How high will they go?
Some experts are talking $4, even $5 a gallon.
But Tom Kloza, chief analyst of the Oil Price Information Service, says $3.75 is more like it. And while that's hardly reason to cheer, it still wouldn't eclipse the record average price of $4.11 in July 2008.
What's going on?
"It's really part of the economic recovery," Kloza told "Early Show on Saturday Morning" co-anchor Russ Mitchell, "and the price of crude oil internationally is going up, because somewhere around May or June of 2010, the world started to use a little bit more crude than it was producing. And that's basically continued. And that, together with an awful lot of money flowing into commodities (markets) and into oil (sold on those markets) in general, has really pushed the price of crude up. The price of international crude right now is about $100 a barrel."
Over the next few months, Kloza says, "I think we'll get a little bit of a break while (the thermometer) stays in the single temperatures. … People cocoon when it's very, very cold. But we should be dropping right now. And we're not. So I would suspect that we'll probably see some peak prices in the spring of between $3.50, $3.75, maybe a little higher, maybe a little lower in some of the edges or whatever. But the second-highest prices for any year on record."
So the record price $4.11 isn't in the offing?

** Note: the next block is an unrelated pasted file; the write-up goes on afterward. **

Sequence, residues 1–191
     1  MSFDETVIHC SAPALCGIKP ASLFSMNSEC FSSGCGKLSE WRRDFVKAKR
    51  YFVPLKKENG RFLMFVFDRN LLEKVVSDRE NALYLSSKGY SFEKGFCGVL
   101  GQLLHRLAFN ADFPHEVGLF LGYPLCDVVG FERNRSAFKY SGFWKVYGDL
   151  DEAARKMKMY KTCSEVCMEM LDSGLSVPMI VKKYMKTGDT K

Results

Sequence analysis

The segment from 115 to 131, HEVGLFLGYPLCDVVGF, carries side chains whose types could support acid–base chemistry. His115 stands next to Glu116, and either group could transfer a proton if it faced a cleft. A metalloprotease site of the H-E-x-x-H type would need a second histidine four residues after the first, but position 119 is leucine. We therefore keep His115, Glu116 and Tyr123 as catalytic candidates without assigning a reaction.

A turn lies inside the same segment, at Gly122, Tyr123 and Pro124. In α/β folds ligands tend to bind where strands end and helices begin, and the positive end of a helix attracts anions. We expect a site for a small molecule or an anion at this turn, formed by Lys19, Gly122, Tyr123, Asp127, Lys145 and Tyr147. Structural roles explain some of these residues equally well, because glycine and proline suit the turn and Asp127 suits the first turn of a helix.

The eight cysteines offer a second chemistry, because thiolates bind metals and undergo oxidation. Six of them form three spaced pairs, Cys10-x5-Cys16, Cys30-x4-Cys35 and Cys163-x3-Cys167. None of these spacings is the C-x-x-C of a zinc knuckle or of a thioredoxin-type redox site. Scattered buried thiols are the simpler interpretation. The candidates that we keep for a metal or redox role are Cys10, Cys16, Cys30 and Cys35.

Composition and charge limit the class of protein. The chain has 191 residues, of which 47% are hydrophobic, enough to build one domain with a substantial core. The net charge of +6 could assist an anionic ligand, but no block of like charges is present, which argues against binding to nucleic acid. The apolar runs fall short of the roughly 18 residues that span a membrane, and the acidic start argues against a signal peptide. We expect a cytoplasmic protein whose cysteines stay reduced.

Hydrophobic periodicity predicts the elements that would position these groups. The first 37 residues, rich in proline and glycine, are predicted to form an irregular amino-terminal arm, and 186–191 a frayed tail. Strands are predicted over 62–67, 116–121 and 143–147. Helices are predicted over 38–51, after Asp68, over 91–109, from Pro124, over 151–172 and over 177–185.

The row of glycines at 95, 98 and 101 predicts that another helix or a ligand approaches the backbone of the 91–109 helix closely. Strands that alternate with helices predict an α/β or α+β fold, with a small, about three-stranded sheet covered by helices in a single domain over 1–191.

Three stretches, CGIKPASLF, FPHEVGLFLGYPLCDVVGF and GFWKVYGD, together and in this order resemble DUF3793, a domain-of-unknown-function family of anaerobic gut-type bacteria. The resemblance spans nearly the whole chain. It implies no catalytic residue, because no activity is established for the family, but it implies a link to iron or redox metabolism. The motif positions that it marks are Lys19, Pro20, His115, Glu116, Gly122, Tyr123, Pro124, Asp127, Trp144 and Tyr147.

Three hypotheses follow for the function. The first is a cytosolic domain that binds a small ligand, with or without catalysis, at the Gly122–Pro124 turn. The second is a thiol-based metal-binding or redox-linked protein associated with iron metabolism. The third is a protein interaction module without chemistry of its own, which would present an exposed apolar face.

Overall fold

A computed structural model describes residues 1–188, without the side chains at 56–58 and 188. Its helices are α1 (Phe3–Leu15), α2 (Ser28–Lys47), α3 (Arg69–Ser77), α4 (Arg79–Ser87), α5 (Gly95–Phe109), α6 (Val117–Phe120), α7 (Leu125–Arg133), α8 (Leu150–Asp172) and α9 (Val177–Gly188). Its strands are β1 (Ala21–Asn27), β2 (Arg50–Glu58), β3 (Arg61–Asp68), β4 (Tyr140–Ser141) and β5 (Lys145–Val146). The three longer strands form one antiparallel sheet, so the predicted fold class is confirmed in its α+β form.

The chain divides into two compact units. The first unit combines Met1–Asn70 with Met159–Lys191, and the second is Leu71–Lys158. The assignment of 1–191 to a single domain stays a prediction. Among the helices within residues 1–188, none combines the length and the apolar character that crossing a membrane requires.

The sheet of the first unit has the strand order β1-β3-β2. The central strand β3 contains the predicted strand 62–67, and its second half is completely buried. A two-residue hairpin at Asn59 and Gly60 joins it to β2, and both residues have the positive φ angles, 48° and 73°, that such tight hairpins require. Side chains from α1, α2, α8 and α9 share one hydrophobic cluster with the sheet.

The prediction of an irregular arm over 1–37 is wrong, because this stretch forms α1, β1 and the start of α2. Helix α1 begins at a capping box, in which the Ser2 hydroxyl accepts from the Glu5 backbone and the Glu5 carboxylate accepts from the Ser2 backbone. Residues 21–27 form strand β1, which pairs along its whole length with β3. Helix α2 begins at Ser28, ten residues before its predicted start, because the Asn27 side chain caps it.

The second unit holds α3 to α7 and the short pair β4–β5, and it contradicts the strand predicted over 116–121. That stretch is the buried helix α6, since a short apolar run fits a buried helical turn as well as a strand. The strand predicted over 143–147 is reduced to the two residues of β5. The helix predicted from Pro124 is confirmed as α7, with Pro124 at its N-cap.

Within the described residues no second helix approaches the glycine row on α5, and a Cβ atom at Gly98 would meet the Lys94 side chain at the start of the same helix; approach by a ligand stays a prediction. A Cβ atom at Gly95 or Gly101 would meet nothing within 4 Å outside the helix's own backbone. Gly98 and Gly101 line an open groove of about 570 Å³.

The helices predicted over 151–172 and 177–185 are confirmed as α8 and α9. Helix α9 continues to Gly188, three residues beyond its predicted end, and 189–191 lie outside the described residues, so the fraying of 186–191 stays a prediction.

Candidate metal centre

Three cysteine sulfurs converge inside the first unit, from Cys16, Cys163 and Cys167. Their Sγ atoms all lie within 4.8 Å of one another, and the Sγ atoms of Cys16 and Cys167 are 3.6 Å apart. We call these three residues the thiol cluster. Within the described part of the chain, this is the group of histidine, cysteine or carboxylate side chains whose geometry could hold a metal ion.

"I know there's a lot of predictions out there right now from $4 to $5 a gallon," Kloza noted. "I think that's more hyperbole. and I think the memory of what happened in 2008, when we went to $150 for crude and $4.11 for gasoline and then went into the greatest economic recession of our lifetime, is too fresh. So I think we'll get into the upper-threes. People will be talking about it. It will be apocalyptic. But it's not going to be as bad as it was in 2008."
And, "I think if we go to $5, it will be episodic and it will be after the election in 2012."
The higher prices are already reining in the economic recovery "to some extent," Kloza says. "If you're talking about the consumer level and people who live from paycheck to paycheck, it really hurts. … The average person uses about 600 gallons of gas a year. A dollar more for that is about $600. So it has an impact on consumption, and it's even more than the actual expenses: People feel bad when they see the high price of gas, because it's in their face every day."
Motorists, Kloza observed, "need to make good choices out what kind of vehicles they drive. If you watched … the football (playoff) games in the last few weeks, you saw a ton of ads for trucks and SUVs. We don't really need those."